As briefly mentioned throughout this paper, such as in the example of Eric Garner, the escalation of police has driven fear into communities. These examples lead to the consideration of escalation versus de-escalation. While officers undoubtedly must be trained and well-equipped to respond to the many dangerous situations they face, the process of de-escalation is also a crucial component of police work.

Emerging research on de-escalation training has recently been increasing. For example, White et al. (2021) conducted a study on officer attitude and behaviour found that “…what officers think about de-escalation likely affects how willing they are to use it” (para. 9). White et al. (2021) did find that both police officers who received de-escalation training and those who did not acknowledge the importance of using a variety of de-escalation tactics. However, the police officers who received de-escalation training put a greater emphasis on the importance of “compromise” as a de-escalation tactic (White et al., 2021). This trend continues with reports of the use of de-escalation with each shift. Prior to training, White et al. (2021) confirm that officers averaged the use of de-escalation tactics once or more per shift; after the training, this average increased significantly.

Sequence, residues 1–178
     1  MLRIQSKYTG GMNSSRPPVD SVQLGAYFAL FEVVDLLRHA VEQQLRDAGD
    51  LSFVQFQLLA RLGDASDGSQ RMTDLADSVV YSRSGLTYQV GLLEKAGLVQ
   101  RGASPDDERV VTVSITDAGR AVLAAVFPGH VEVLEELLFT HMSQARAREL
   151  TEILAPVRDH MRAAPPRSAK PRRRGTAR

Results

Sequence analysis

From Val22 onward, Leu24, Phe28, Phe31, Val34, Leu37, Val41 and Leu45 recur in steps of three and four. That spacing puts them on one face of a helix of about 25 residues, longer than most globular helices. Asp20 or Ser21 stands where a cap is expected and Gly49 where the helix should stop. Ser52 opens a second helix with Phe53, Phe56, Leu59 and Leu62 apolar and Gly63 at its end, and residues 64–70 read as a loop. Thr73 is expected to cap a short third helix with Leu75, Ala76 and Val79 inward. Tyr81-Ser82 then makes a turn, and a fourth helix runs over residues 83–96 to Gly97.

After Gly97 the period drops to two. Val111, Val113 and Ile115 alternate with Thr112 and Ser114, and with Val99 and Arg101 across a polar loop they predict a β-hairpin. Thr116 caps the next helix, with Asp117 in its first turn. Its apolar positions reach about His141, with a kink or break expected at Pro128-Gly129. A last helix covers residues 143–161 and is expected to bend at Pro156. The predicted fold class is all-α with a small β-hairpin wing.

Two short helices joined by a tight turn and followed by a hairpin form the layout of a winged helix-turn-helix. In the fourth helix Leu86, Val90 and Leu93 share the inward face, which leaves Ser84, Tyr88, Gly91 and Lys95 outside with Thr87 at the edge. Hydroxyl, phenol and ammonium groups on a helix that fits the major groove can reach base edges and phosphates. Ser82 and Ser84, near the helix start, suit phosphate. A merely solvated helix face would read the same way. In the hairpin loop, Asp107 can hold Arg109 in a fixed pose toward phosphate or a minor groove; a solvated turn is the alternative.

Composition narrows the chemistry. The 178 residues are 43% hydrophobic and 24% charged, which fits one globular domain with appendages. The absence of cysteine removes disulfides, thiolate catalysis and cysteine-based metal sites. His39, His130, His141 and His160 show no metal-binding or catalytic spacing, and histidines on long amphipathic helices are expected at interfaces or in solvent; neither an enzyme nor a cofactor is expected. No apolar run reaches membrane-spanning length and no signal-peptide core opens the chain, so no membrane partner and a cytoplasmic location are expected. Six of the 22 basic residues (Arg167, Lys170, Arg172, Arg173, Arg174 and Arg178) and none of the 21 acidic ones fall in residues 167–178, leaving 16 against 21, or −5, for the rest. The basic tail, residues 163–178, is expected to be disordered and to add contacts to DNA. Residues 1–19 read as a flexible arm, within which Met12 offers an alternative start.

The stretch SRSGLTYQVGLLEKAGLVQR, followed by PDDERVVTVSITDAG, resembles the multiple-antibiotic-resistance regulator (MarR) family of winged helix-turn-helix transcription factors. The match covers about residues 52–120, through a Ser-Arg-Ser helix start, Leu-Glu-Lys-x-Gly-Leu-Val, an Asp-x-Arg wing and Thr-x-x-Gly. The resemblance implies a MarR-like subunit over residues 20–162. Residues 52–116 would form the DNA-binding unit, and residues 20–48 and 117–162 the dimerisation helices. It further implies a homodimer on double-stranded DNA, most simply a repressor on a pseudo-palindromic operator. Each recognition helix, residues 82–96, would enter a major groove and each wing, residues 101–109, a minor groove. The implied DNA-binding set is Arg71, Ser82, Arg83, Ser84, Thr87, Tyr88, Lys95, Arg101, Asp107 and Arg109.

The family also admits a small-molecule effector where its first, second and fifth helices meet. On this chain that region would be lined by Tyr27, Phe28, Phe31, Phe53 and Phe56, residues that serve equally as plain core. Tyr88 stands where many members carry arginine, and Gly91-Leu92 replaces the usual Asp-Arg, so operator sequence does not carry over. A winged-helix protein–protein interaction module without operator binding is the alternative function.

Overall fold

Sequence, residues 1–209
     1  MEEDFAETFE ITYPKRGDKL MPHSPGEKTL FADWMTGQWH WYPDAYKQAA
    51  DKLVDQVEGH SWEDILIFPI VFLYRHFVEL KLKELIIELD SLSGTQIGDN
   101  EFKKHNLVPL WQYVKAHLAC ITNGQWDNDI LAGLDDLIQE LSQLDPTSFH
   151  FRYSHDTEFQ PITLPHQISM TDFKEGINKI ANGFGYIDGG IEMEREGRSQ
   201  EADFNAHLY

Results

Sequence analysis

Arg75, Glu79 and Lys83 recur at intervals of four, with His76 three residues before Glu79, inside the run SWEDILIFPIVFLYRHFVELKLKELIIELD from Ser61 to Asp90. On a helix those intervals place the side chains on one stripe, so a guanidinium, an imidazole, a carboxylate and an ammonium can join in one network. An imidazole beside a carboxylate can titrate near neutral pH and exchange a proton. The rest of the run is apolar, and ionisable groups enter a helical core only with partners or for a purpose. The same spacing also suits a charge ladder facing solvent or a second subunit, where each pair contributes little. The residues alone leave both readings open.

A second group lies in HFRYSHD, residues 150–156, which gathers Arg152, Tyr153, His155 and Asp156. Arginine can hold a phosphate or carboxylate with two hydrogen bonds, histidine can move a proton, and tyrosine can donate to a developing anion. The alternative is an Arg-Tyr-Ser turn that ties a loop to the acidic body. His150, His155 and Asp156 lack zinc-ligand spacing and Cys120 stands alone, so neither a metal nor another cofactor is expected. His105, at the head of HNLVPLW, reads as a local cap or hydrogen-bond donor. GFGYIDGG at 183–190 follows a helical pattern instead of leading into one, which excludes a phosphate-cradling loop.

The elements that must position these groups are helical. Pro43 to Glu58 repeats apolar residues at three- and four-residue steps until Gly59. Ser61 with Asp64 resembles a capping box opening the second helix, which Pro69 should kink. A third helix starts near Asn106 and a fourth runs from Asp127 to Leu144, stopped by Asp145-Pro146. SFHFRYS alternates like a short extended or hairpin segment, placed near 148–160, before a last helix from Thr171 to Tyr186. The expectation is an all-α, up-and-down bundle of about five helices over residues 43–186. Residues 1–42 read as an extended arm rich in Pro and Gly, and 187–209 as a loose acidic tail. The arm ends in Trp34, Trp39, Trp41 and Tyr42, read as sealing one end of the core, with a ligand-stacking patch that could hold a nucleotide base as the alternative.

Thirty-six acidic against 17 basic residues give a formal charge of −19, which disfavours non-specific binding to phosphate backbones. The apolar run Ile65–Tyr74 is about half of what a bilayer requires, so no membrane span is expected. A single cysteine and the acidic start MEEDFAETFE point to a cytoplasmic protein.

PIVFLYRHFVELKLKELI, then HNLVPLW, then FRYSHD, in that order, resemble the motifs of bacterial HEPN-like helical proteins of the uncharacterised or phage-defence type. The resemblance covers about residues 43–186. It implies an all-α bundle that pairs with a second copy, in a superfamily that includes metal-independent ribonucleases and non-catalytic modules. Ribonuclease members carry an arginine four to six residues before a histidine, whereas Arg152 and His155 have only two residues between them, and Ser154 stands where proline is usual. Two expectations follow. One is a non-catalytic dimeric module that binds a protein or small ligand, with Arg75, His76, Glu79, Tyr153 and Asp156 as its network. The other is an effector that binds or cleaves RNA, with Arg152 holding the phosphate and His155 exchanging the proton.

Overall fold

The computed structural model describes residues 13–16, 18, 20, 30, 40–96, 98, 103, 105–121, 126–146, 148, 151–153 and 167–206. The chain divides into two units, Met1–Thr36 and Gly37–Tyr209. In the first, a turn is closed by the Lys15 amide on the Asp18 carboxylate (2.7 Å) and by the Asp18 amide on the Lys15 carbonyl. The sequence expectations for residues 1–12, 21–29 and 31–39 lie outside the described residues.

White et al. (2021) identified the three main de-escalation tactics that increased were maintaining officer safety, compromise, and knowing when to walk away. White et al. (2021) point out that the training which maintains officer safety has resulted in more use of tactics designed to reduce injury or harm to citizens and officers. Not only is this ground-breaking for citizen safety, but White et al. (2021) find that officer safety actually improves as well. In terms of the “compromise” tactic, Todak and White (2019) refer to an officer who recognized that, “sometimes a small adjustment to charges can improve a person’s situation while still achieving justice” (cited in White et al., 2021, para. 27). Finally, White et al. (2021) defined the tactic of “knowing when to walk away” as taking a step back to make space for either another officer who may be better equipped to handle a situation, or for more time to redeploy resources or personnel.